The Mortal Kombat franchise has been around for nearly twenty years now. It’s impossible to imagine a world without fatalities. Once the series went 3D, everything started to go downhill. Sure, MK: Deception and MK: Armageddon were good games, but it just wasn’t the same anymore. Fans have been begging a return to form for quite some time. When NetherRealm Studios announced that the new Mortal Kombat would be just that, everyone went crazy with excitement. Mortal Kombat ends up being so much more than just a reboot of the franchise. It’s a game that reinvigorates the fighting game genre much like SFIV did over two years ago.
Let’s start with the story. Armageddon is at hand and Raiden is the only surviving kombatant left. While on the receiving end of a fatal beat down, Raiden conjures up what little strength he has left and sends a message to himself in the past in order to change the events of the future. The story essentially retells the events of the first three Mortal Kombat games in ways that are unexpected and controversial. It seriously rivals the length of a single player action game and should take you about six hours to complete.
It’s really a fully fleshed out story that goes well into the mythology of the series. There’s nothing quite like it, especially for a fighting game. There are no cheesy 3D beat ’em up mechanics or random bouts of exploration. The story is told in a way that’s similar to watching a movie. It’s all one seamless experience covering 16 chapters, with each one dedicated to a specific kombatant. There are no pauses, load times, or wait. You are literally transitioned into a fight from the cutscene itself. It’s quite an achievement.
Visually, the game looks amazing. Stage backgrounds are all dynamic. You’ll see anything from demon’s destroying buildings in the background to other fighters engaging in kombat. Character damage goes well beyond blood splatter and includes torn clothing, broken faces, and cuts so deep that you can see muscle tissue. You’ll even notice the blood of your opponents splashing onto your character. The X-ray attacks are just as brutal. Organs get punctured, crushed, and smashed as the skeletal system of each fighter is broken in more ways than you could imagine. Just the sound of a police baton cracking someone’s skull will make you cringe.[drop]Mortal Kombat features nearly 30 playable characters to choose from. The majority of fighters are available right from the start. Only two characters need to be unlocked. There are a variety of modes to play outside of the main story, including Test Your Might, Test Your Strike, Test Your Sight, Test Your Luck, and Challenge Tower. By playing through each mode you’ll earn points which can be redeemed at the Krypt. There are nearly 300 unlockables in all, ranging from artwork and music to secondary fatality combinations and alternate costumes.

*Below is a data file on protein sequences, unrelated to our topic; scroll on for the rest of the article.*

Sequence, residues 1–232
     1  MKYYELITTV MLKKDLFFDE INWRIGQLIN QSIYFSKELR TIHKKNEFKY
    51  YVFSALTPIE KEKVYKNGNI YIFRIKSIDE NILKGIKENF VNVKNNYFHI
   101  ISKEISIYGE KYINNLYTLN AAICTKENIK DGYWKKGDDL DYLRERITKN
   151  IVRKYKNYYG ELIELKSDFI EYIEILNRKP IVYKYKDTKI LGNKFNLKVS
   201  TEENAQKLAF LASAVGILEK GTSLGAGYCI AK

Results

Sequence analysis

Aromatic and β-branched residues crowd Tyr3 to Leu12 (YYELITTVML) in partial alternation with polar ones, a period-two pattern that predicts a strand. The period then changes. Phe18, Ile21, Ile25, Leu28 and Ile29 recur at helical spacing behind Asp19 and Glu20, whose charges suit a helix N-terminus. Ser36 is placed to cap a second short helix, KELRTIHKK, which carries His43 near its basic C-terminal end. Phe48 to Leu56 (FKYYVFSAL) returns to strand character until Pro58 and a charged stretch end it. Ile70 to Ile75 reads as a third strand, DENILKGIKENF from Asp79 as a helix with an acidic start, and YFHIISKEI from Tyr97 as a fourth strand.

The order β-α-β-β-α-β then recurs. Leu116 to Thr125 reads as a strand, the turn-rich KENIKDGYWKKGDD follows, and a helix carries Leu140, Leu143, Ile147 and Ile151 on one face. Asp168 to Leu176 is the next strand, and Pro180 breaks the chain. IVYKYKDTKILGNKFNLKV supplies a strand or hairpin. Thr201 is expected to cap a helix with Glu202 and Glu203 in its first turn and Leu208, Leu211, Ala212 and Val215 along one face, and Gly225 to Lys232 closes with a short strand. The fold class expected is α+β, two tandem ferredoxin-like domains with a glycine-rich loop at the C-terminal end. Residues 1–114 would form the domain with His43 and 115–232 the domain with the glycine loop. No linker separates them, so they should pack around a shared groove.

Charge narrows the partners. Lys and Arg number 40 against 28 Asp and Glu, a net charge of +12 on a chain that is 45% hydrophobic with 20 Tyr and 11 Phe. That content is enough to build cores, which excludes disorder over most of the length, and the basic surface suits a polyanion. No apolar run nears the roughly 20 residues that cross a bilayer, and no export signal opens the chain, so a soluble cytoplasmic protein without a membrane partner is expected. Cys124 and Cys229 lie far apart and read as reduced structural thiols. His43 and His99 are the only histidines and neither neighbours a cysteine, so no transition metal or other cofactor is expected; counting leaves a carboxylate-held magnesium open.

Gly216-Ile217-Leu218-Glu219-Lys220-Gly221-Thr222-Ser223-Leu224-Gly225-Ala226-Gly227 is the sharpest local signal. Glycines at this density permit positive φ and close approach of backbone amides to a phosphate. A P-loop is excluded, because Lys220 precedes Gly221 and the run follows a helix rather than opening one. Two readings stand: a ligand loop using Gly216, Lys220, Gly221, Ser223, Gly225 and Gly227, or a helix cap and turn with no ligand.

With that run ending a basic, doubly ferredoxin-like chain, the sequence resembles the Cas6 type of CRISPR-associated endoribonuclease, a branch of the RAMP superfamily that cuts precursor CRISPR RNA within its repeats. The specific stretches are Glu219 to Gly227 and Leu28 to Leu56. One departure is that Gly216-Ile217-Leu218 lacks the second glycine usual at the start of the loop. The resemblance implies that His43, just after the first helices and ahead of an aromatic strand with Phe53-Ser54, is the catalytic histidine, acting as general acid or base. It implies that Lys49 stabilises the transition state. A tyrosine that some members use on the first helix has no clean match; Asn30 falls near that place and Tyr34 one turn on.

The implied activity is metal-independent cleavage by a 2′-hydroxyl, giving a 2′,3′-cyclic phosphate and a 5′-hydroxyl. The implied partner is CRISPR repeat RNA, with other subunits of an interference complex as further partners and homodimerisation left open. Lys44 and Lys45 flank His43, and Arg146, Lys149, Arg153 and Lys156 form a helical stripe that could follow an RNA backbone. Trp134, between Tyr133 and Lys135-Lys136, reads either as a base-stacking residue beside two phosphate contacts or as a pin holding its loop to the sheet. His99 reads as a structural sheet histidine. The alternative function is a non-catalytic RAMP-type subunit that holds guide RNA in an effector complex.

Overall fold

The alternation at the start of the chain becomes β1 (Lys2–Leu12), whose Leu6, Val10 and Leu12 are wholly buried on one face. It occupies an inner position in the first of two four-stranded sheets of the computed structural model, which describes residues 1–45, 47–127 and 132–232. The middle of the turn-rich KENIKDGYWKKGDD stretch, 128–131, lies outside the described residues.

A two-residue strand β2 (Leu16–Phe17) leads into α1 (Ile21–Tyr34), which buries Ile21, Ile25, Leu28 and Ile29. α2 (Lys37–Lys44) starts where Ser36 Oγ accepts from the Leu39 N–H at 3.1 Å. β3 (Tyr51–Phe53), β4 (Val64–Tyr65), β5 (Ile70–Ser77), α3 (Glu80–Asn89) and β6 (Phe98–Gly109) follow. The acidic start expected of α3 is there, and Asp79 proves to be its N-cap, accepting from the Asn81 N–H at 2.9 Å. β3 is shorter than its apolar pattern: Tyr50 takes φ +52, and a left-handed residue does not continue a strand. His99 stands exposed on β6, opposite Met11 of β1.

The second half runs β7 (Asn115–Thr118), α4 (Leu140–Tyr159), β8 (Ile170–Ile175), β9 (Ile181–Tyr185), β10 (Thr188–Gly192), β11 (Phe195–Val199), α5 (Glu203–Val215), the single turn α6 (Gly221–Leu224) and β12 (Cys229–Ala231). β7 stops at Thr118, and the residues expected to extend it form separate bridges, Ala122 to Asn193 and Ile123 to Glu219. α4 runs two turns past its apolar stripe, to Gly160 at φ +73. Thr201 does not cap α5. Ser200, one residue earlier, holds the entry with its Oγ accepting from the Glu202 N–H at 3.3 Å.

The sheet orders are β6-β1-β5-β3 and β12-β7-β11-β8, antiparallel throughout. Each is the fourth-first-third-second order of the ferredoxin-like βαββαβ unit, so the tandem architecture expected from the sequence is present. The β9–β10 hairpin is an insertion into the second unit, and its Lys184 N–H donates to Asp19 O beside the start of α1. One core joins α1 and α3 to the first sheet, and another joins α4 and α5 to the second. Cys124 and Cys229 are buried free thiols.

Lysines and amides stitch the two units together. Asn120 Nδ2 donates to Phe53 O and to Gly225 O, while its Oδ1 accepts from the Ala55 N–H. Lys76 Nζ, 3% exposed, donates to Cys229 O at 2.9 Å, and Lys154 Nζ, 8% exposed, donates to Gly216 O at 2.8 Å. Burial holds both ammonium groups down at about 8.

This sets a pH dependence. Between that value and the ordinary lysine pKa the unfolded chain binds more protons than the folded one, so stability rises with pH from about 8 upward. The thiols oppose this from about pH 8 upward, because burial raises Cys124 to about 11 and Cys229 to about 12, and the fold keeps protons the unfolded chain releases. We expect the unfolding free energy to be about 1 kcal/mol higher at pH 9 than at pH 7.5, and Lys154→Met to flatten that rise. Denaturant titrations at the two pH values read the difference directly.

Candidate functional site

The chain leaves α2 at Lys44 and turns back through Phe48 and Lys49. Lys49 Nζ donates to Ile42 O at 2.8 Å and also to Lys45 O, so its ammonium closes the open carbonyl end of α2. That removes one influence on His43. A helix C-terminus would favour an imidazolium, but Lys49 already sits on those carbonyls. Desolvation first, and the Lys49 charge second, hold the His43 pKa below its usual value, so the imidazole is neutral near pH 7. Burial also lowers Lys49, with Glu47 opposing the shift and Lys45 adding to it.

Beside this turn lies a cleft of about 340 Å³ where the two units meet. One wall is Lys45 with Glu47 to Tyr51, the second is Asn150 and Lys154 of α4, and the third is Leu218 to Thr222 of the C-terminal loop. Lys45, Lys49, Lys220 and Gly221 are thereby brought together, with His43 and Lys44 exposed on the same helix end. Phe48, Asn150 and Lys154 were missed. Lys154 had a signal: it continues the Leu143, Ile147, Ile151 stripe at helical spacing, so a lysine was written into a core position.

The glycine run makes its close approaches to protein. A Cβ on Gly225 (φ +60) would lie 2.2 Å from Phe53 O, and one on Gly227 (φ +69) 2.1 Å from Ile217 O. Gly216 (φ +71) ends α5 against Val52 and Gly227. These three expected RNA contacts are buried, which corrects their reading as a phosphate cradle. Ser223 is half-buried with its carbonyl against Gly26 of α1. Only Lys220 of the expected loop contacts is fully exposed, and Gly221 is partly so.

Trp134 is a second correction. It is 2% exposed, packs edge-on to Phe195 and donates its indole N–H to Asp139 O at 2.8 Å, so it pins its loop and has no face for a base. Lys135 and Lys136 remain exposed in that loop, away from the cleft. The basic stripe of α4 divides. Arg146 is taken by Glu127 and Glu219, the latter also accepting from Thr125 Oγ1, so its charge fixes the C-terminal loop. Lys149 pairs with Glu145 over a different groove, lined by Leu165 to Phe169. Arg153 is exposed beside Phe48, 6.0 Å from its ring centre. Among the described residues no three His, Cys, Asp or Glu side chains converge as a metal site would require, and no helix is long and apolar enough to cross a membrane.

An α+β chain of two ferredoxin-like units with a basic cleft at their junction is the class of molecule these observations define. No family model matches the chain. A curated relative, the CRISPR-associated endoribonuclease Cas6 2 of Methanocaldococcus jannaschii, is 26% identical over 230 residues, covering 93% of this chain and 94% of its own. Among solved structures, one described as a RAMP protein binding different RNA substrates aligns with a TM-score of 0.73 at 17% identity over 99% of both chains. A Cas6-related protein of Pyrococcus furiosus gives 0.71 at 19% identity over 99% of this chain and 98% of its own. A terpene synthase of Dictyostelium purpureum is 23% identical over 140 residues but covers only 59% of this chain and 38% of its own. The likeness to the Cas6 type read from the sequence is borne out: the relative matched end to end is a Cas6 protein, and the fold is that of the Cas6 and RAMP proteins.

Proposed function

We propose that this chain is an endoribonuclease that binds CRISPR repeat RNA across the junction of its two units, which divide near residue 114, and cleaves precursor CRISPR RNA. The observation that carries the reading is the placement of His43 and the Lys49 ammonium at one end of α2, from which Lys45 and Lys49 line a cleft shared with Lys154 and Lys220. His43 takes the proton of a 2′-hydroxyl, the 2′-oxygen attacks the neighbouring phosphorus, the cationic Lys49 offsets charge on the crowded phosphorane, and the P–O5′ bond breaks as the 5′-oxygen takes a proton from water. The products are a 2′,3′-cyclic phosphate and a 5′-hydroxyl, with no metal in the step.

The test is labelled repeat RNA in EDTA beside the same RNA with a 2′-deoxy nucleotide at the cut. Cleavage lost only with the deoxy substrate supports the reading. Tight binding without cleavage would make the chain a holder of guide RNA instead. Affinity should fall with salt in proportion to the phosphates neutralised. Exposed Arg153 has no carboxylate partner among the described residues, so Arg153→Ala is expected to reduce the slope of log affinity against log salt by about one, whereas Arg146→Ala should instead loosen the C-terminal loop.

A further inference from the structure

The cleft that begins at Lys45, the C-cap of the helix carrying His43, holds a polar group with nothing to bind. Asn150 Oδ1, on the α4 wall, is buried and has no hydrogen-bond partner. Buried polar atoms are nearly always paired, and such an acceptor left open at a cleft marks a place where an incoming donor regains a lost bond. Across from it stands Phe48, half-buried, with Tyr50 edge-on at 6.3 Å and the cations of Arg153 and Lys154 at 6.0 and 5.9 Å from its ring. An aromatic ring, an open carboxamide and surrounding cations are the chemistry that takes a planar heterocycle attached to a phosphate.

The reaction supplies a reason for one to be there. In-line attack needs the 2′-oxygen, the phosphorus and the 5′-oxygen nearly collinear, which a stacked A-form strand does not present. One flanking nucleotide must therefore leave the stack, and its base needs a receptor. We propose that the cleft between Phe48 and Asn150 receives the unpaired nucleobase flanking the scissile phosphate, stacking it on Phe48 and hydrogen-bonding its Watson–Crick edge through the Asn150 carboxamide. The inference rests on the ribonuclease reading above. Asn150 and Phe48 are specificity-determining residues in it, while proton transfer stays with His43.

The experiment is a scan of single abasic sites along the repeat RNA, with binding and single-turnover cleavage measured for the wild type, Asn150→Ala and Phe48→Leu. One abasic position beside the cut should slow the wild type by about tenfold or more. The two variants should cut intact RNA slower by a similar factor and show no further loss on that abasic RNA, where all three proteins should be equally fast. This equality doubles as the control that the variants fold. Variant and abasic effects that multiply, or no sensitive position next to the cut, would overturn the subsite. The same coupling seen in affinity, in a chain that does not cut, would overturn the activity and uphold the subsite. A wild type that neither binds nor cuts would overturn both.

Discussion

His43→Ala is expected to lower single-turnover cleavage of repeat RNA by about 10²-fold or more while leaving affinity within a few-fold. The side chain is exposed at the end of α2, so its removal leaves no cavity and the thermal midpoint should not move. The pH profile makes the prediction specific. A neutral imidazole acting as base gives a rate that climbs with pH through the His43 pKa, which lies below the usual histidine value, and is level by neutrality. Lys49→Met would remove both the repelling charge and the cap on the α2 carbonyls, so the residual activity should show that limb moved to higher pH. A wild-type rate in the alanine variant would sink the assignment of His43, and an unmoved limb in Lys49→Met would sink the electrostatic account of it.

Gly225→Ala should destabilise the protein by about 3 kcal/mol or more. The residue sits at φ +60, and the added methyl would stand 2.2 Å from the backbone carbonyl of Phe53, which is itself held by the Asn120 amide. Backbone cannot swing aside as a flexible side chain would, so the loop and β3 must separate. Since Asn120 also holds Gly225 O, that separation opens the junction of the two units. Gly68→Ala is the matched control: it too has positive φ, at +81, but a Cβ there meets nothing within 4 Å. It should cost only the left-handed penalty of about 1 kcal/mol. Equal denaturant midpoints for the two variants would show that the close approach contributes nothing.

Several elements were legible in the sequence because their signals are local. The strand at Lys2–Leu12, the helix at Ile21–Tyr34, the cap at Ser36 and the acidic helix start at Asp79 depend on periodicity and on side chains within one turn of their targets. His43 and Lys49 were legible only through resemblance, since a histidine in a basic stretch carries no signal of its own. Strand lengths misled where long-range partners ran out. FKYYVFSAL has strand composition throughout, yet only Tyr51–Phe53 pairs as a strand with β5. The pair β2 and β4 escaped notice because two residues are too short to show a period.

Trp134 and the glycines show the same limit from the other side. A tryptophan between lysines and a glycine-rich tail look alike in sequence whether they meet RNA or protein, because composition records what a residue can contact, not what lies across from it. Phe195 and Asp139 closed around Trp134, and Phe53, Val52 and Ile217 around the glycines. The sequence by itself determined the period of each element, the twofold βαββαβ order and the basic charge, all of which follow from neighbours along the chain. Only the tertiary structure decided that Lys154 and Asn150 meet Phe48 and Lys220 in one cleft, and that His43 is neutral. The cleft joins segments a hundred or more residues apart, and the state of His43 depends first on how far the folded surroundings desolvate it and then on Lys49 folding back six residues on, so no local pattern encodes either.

Test Your Might is straight forward. All you need to do is mash buttons until you reach a marker to successfully break an object. Test Your Strike is similar in concept but with one major difference, you have to hold your strike within a certain range. For Test Your Sight you need to keep your eye on the correct head or cup as it moves around a table.
Test Your Luck provides the most fun. A roulette will add four different variables to match. Sometimes you’ll have to fight with no arms or overcome crazy odds like not being able to jump. There are so many different combinations and variables it’s impractical to list them all. It’s a great party mechanic. There’s really nothing more hilarious than throwing your appendages at an opponent.
Challenge Tower features 300 challenges to overcome. At first, the objectives are simple and attempt to teach you the very basics of the game. Some of the challenges change up the gameplay by having you throw grenades into a bucket or shooting zombies. As fun as this mode is, it’s more cheap than difficult and forces you to play in annoying ways. It takes about 10 hours to complete all 300 challenges. Prepare yourself for a test of patience.
Mortal Kombat still has its classic arcade mode, complete with endings for each character (even Kratos has one). The boss battles are exactly as frustrating as you remember them from back in the day. Goro, Kintaro, and Shao Kahn all have super armor and can break through your combos with ease. They will make you cry, throw your controller, and play in the cheapest way possible.
New to the series are tag team battles. NetherRealm didn’t just throw this mode into the game in a halfhearted way. You can use your partner as an assist in the background in exchange for one meter or you can have them tag in with a special move. It’s also possible to tag in during the middle of a combo and continue it with your partner. Tag mode features its own arcade Ladder mode and even allows you to play with a friend. There’s actually support for four players, which is amazing.
NetherRealm also added a tutorial mode. The tutorial gives a basic rundown of all the basics. It works well but it’s not as comprehensive as it could have been. The Fatality tutorial allows you to take your time and perform fatalities with a visual aid so you know where to stand. There’s also a standard practice mode for 1-on-1 and 2-on-2 matches. Unfortunately, there’s no proper record/playback function like in other fighting games, which means that you can’t program an AI to do specific actions as you train. It’s an unfortunate oversight.